No country, however, was represented officially by its national Olympics committee, for fear of IOC reprisals.[2] For instance, the Soviet Union, in a show of solidarity, sent athletes to the first GANEFO, but in order not to jeopardise their position in the IOC, the Soviet athletes were not of Olympic calibre. Japan let their athletes of non-Olympic calibre attend the first GANEFO to take account of the host nation's position of 1964 Summer Olympics. Nevertheless, in the lead-up to the first GANEFO, the Japanese NOC did receive a thinly-veiled threat from the American IOC President at the time, Avery Brundage, regarding Japanese participation in the first GANEFO.[7]

Commemorative stamps

A set of eight postage stamps were issued by Indonesia on November 10, 1963 to publicise the GANEFO.

Medal table at 1st GANEFO

In the first edition of GANEFO, China was the highest-ranking country with 68 gold medals, Soviet Union the second, followed by the United Arab Republic on the third, Indonesia the fourth, and North Korea the fifth.[8] In all, 48 countries reportedly won medals.[2]

This list of sports fixtures or results is incomplete; you can help by adding missing items. (October 2021)

  *   Host nation (Indonesia)

1 China (CHN)685845171
2 Soviet Union2721957
3 United Arab Republic (UAR)22181252
4 Indonesia (INA)*21253581
5 North Korea13152452
6 Argentina (ARG)5049
7 Japan4101428
Totals (7 entries)160147143450

2nd GANEFO (1st Asian GANEFO)

2nd Asian GANEFO
Participating states
Host cityPhnom Penh, Cambodia
Opening25 November 1966 (1966-11-25)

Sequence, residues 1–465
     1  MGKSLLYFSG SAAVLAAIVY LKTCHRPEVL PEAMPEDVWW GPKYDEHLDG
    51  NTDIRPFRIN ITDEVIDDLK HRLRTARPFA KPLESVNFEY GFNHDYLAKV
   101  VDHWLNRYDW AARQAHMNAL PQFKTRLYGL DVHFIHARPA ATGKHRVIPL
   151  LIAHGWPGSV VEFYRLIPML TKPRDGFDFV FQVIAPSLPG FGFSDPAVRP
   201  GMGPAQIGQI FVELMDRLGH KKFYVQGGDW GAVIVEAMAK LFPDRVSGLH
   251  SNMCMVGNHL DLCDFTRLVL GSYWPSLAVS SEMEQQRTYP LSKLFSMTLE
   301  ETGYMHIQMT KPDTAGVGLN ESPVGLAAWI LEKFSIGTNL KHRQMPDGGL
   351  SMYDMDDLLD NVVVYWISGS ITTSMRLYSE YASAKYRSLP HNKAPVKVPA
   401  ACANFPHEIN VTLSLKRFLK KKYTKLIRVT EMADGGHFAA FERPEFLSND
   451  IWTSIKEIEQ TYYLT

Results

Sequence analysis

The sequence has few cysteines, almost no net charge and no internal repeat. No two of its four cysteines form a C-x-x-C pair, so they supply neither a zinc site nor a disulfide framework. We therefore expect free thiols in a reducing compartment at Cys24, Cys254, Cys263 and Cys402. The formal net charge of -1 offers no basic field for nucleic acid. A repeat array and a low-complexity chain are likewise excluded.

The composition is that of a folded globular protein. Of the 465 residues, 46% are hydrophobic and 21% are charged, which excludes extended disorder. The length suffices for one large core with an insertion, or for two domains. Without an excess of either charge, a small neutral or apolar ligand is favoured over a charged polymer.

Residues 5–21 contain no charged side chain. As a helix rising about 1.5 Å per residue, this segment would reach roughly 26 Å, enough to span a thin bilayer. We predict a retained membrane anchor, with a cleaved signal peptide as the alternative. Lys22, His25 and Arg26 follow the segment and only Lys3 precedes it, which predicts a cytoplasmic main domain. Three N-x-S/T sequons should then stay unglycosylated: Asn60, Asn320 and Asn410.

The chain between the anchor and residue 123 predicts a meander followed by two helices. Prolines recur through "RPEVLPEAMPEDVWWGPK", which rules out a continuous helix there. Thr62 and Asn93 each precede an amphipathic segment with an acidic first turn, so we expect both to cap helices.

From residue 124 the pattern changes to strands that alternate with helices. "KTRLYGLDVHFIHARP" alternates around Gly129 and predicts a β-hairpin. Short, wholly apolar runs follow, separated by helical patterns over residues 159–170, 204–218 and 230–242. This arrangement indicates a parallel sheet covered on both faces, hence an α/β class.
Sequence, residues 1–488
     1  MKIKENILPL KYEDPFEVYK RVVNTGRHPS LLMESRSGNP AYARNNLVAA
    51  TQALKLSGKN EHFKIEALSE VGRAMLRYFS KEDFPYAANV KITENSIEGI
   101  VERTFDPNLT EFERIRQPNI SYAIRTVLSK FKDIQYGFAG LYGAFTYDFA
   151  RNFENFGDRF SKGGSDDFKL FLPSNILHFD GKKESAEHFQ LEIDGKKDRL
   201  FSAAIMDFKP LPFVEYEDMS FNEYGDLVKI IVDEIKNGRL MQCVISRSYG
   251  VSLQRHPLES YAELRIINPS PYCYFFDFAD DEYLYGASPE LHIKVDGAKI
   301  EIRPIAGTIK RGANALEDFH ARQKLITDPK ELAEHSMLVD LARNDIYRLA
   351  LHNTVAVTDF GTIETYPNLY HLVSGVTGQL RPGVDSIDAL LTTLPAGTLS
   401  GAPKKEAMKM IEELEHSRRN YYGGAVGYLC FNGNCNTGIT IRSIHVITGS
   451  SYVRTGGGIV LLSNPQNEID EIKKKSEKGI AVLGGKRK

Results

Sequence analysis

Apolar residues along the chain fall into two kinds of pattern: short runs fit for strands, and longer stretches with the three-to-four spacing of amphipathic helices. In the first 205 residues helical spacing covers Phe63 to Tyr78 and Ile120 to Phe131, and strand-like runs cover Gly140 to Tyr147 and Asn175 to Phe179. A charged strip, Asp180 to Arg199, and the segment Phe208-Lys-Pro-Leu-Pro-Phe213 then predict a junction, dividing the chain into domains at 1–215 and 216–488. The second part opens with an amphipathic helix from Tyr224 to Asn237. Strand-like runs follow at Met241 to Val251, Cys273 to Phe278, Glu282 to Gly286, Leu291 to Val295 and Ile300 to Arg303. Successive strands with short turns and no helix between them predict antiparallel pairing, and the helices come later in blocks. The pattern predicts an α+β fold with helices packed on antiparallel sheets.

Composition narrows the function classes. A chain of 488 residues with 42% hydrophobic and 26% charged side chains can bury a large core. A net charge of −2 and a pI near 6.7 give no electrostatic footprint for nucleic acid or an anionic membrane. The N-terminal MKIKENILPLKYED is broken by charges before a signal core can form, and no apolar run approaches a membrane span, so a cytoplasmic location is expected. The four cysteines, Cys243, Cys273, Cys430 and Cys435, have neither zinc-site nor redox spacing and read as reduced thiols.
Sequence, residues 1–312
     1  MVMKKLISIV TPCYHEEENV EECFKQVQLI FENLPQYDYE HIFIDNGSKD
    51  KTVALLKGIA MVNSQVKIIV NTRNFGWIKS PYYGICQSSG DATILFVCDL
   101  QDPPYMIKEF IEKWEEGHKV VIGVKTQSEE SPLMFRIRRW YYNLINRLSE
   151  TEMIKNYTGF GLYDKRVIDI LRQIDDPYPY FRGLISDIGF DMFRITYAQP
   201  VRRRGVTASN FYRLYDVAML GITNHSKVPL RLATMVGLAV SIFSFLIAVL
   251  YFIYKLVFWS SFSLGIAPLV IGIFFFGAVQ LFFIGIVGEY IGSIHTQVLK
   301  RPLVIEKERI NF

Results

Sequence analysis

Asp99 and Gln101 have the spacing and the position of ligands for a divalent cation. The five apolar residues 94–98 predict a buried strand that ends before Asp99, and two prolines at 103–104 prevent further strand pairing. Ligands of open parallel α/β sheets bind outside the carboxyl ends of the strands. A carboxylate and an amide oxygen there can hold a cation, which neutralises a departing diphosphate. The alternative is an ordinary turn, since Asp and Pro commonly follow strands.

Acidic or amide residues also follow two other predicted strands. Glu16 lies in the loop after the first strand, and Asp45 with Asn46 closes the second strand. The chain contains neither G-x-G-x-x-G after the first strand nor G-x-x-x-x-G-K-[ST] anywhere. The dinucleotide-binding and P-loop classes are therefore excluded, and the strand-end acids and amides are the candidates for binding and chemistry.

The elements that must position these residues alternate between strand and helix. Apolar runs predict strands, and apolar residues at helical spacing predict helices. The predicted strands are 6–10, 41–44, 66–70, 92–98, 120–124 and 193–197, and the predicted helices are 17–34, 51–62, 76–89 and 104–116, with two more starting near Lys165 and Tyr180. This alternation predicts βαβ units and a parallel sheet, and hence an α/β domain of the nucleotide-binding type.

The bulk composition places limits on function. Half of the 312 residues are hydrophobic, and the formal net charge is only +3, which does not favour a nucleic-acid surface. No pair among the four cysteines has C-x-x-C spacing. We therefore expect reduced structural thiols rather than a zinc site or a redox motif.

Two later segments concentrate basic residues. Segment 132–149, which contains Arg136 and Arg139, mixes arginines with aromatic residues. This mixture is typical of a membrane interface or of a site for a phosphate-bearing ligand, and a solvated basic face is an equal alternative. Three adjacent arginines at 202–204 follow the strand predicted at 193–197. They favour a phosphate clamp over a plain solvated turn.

Closing6 December 1966 (1966-12-06)
Opened byPrince Sihanouk
Main venueOlympic Stadium, Phnom Penh

The second edition of GANEFO had been planned to be held in Cairo, United Arab Republic, in 1967, but this was cancelled for various political reasons.[4]

The second GANEFO was held in Phnom Penh, Cambodia, on 25 November – 6 December 1966.

Participating nations in 2nd GANEFO (1st Asian GANEFO)

About 2,000 athletes participated in the 2nd edition of GANEFO from 17 nations (Cambodia, Ceylon, China PR, Indonesia, Iraq, Japan, North Korea, Laos, Lebanon, Mongolia, Nepal, Pakistan, Palestine, Singapore, Syria, North Vietnam and Yemen). The games were opened by then Prince Sihanouk, the then Chief of State of Cambodia.

The second GANEFO was restricted to Asia, except Guinea which participated in the qualifying tournament in Pyongyang, North Korea, on 1–11 August 1965. Consequently, only 17 Asian countries participated in the second tournament in Phnom Penh, Cambodia, on 25 November – 6 December 1966 which was named '1st Asian GANEFO'.

Medal table at 2nd GANEFO (1st Asian GANEFO)

This list of sports fixtures or results is incomplete; you can help by adding missing items. (October 2021)

In the second edition of GANEFO, China PR was the highest-ranking country with 108 gold medals, North Korea the second, and the host nation, Cambodia, the third.

  *   Host nation (Cambodia)

1 China (CHN)1085734199
2 North Korea (PRK)304232104
3 Cambodia (CAM)*13421065
4 Japan (JPN)1012830
Totals (4 entries)16115384398

2nd Asian GANEFO

In September 1967 was announced a second Asian GANEFO to be held in Beijing, China, in 1970, but later Beijing dropped the plans to host the Games, which were then awarded to Pyongyang, North Korea. The Games never occurred, however, and the GANEFO organisation collapsed.

See also


  1. ^ a b c Modelski, George (1963). The New Emerging Forces. Canberra: Australian National University, Research School of Pacific Studies.
  2. ^ a b c Field, Russell (2011). The Olympic Movement's Response to the Challenge of Emerging Nationalism in Sport: An Historical Reconsideration of GANEFO. Winnipeg: University of Manitoba.
  3. ^ Jules Boykoff (2016). A Political History of the Olympics. Verso Books. ISBN 9781784780722.
  4. ^ a b Lutan, Rusli; Hong, Fan (September 2005). "The politicization of sport: GANEFO–A case study". Sport in Society. 8 (3): 425–439. doi:10.1080/17430430500260503. ISSN 1743-0437.
  5. ^ "Fakta Sejarah: CONEFO".
  6. ^ GANEFO opening ceremony footage on YouTube
  7. ^ Shuman, Amanda (2013-11-13). "Elite Competitive Sport in the People's Republic of China 1958–1966: The Games of the New Emerging Forces (GANEFO)". Journal of Sport History. 40 (2): 258–283. doi:10.5406/jsporthistory.40.2.258. ISSN 2155-8450.
  8. ^ "Pembagian medal". Harian Rakyat. 23 November 1963.